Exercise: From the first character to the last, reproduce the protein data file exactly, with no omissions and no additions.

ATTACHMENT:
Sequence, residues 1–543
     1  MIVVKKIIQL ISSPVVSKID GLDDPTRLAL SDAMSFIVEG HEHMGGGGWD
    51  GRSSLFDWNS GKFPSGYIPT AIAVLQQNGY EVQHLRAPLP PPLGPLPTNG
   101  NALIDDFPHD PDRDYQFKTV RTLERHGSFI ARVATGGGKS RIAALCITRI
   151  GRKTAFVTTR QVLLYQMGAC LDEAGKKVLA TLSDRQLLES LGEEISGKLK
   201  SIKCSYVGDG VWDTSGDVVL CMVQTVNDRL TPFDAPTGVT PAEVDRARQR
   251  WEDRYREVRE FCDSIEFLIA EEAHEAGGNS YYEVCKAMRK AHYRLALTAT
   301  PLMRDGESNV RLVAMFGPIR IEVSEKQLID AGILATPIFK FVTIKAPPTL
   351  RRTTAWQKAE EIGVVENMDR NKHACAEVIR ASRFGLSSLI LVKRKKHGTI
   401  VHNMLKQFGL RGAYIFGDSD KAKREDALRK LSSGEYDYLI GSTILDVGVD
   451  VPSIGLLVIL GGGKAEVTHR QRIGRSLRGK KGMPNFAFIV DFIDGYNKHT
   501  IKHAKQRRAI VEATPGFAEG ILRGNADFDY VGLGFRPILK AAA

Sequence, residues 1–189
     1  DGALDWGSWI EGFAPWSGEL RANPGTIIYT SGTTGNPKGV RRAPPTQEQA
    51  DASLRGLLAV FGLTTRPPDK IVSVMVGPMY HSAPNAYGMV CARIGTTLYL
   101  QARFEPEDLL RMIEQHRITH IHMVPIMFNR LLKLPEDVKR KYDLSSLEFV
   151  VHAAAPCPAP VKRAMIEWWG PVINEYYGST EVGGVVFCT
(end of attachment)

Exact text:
Sequence, residues 1–543
     1  MIVVKKIIQL ISSPVVSKID GLDDPTRLAL SDAMSFIVEG HEHMGGGGWD
    51  GRSSLFDWNS GKFPSGYIPT AIAVLQQNGY EVQHLRAPLP PPLGPLPTNG
   101  NALIDDFPHD PDRDYQFKTV RTLERHGSFI ARVATGGGKS RIAALCITRI
   151  GRKTAFVTTR QVLLYQMGAC LDEAGKKVLA TLSDRQLLES LGEEISGKLK
   201  SIKCSYVGDG VWDTSGDVVL CMVQTVNDRL TPFDAPTGVT PAEVDRARQR
   251  WEDRYREVRE FCDSIEFLIA EEAHEAGGNS YYEVCKAMRK AHYRLALTAT
   301  PLMRDGESNV RLVAMFGPIR IEVSEKQLID AGILATPIFK FVTIKAPPTL
   351  RRTTAWQKAE EIGVVENMDR NKHACAEVIR ASRFGLSSLI LVKRKKHGTI
   401  VHNMLKQFGL RGAYIFGDSD KAKREDALRK LSSGEYDYLI GSTILDVGVD
   451  VPSIGLLVIL GGGKAEVTHR QRIGRSLRGK KGMPNFAFIV DFIDGYNKHT
   501  IKHAKQRRAI VEATPGFAEG ILRGNADFDY VGLGFRPILK AAA

Sequence, residues 1–189
     1  DGALDWGSWI EGFAPWSGEL RANPGTIIYT SGTTGNPKGV RRAPPTQEQA
    51  DASLRGLLAV FGLTTRPPDK IVSVMVGPMY HSAPNAYGMV CARIGTTLYL
   101  QARFEPEDLL RMIEQHRITH IHMVPIMFNR LLKLPEDVKR KYDLSSLEFV
   151  VHAAAPCPAP VKRAMIEWWG PVINEYYGST EVGGVVFCT